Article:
Luther F. Jacobs



Luther F. JACOBS was born in West Fork  Hundred, Sussex County, Del., February 27, 1832.  He is a son of Stansbury Jacobs, of the same place, who was born about 1800. The latter was a son of Curtis Jacobs, who was a native of Virginia and a farmer by occupation. He removed from Virginia to Delaware when a young man. He was married twice and by the two wives had several children, of whom Stansbury was the first of three sons. His brothers were Madison and Curtis. Curtis Jacobs was a wealthy planter in his day and owned numerous slaves. He emancipated many of these slaves from time to time, but while they were slaves he was firm and stern with them. He died on his plantation at the age of eighty years.

Stansbury Jacobs married Henrietta White, of Kent County, Del. He was a prosperous farmer and slave-owner, having from eighteen to twenty negroes. They had six sons and one daughter, of whom Luther F. was the sixth child and fifth son. Their children were as follows: John Wesley, who died in Delaware a single man; William, who died in that State in 1875; George, who died at the old home in Delaware at the age of twenty-one; Sally W., now living in Washington, D. C., the widow of Judge Edward L. Weld, of Delaware; Curtis, who died at Delaware in 1888, a single man; Luther F.; and Romulus E., a farmer of Madison County, Ill. The father of these children died on his plantation of twenty-one hundred acres, in his fifty-eighth year. At the time of death he owned some twenty slaves. His widow survived him about twenty-three years, and died in 1880, aged eighty-five years.

Luther F. Jacobs was reared at home and was well educated in the district schools, in an academy and in Delaware College, taking the classical course of instruction. At the age of twenty-one he left home and removed to Indiana, remaining there one year, and then coming to Illinois, where he remained until the spring of l86l. During this time he was engaged in teaching school and in buying grain. On September 17, 1861, he was sworn in as a member of Company H, Thirty-first Illinois Infantry, at Cairo, under Capt. Greenlee. His first experience in battle was on November 7, at Belmont. He was in the Jefferson barracks two months on account of diarrhoea and paralysis. Otherwise, he was on duty all the time he was in the service, three years, being neither seriously wounded nor taken prisoner. During a portion of the time he was often detailed as clerk and scribe at regimental headquarters, in which position he was useful and efficient. He came home with health impaired from exposure and two wounds, one in the head, the other in the hip. He came through Vienna on his way to J. S. Whittenberg's, where he went for a certificate to teach school, and afterward taught for six months.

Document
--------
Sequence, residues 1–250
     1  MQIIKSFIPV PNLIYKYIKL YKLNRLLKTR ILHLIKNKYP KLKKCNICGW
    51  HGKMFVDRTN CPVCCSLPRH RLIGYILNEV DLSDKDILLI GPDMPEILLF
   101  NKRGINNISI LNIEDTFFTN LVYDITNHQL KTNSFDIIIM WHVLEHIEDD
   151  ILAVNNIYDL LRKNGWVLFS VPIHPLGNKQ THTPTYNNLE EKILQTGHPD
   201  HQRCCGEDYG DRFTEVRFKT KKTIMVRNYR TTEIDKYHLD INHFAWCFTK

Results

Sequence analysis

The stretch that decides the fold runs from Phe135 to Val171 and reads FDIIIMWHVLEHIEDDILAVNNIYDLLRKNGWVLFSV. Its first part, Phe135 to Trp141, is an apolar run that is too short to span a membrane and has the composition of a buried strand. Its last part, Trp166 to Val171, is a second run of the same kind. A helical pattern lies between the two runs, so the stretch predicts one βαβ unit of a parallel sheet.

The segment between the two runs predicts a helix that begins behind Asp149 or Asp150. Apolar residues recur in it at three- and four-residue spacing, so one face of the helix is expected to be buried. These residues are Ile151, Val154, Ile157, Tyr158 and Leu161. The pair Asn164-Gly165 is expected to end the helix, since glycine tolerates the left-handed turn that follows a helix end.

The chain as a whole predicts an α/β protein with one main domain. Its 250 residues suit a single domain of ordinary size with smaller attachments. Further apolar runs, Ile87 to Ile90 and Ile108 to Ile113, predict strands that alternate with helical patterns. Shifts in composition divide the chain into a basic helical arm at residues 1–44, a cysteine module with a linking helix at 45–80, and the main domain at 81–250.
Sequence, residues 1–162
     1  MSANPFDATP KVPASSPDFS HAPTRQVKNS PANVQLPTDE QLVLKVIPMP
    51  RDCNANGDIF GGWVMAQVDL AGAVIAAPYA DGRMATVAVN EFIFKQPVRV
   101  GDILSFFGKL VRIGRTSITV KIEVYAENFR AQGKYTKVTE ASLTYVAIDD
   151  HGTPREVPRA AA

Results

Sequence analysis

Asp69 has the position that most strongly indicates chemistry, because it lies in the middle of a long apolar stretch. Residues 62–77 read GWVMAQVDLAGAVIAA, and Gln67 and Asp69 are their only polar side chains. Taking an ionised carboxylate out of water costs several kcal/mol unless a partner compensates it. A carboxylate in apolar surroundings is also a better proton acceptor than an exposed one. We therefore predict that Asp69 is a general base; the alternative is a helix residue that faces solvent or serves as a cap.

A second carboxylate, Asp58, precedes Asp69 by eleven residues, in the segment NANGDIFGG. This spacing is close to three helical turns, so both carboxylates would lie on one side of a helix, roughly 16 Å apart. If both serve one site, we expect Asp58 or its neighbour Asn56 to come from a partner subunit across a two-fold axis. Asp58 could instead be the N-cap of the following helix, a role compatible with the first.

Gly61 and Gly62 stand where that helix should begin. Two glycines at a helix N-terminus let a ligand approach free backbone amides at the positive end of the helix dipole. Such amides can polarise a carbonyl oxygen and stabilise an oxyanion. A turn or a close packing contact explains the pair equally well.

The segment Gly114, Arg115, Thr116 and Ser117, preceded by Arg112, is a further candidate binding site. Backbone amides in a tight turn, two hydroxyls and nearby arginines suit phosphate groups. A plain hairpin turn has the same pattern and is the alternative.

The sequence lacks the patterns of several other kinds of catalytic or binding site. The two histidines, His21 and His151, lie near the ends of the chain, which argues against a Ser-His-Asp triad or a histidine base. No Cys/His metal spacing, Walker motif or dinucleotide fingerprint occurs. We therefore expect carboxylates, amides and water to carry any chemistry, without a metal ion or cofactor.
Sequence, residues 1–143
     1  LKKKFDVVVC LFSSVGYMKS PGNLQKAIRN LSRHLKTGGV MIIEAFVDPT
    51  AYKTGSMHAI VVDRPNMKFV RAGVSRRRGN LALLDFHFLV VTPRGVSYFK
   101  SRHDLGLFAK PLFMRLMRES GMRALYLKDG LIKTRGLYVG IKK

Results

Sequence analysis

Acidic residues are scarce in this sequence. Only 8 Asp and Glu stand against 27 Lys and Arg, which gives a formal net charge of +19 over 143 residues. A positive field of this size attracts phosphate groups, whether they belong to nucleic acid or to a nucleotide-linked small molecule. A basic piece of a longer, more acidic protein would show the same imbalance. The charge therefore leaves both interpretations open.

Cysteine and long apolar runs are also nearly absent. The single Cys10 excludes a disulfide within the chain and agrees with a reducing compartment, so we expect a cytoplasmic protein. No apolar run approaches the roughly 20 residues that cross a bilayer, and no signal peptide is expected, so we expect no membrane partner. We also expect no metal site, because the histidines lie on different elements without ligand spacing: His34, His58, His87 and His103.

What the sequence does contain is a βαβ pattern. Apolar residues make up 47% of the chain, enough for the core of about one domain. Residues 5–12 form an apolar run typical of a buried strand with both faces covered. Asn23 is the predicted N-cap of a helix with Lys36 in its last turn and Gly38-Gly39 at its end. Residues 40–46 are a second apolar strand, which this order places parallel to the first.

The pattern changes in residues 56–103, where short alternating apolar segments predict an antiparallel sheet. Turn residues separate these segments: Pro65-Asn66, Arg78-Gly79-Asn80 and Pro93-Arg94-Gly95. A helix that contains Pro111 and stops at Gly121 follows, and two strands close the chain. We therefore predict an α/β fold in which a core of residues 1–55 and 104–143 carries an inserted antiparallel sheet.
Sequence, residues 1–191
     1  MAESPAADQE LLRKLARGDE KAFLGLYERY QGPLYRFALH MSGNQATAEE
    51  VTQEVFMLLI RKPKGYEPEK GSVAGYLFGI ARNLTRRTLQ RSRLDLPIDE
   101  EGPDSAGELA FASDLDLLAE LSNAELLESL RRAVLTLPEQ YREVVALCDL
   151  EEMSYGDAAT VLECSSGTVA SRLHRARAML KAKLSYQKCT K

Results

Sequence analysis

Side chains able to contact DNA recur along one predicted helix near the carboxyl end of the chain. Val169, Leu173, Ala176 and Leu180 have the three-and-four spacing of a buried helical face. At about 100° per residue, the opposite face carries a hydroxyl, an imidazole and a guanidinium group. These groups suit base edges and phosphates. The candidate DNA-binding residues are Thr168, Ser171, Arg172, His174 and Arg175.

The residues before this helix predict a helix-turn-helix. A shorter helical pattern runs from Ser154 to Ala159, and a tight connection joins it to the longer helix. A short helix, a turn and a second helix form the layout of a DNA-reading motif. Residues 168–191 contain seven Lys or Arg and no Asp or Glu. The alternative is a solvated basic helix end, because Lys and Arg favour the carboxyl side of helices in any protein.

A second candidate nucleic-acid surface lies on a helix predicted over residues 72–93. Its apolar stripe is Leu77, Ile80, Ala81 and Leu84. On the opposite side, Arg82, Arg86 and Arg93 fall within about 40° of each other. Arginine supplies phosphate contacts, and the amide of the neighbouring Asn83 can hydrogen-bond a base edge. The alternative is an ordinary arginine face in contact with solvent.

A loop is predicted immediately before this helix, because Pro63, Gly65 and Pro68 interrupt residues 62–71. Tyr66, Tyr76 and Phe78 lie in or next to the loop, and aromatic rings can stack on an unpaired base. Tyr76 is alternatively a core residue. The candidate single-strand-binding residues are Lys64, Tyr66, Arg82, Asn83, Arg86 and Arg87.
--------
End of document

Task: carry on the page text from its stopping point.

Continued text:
In February, 1865, Mr. Jacobs married Frances H. Short, of Johnson County, daughter of Benjamin Short. He continued teaching in Illinois, in four or five different counties. He and his wife settled down at their present home in 1872, where he had bought eighty acres of land three miles .west of Vienna, this eighty acres being a dower to his wife, which he obtained through the courts. He has added to this original eighty acres from time to time, until now he owns two hundred and twenty acres in three farms, with a house on each. He has a fine fruit farm, having twenty acres of orchard, both old and new. He is about to make fruit culture a specialty, having apples, peaches, plums, apricots, cherries, grapes, and all kinds of small fruits. He has, so far, been carrying on general farming and growing large crops of wheat and corn, having sometimes raised as much as fifteen hundred bushels of wheat in one year. He keeps a few good horses and mules, cattle, sheep and hogs, raising the latter for the market. Mr. Jacobs has three sons and three daughters, ranging from twenty-two years of age down to three, all of them at home. Charles has a wife and one daughter and resides on one of the three farms. He also owns a farm adjoining. Mr. Jacobs has served as Supervisor of the township. Politically, he is a Democrat, and religiously he reserves the right to think and believe for himself.





transcribed by Nan Starjak

Source:
The Biographical Review of  Johnson, Massac, Pope and Hardin Counties
Chicago
Biographical Publishing Co., 1893
pp 544-545



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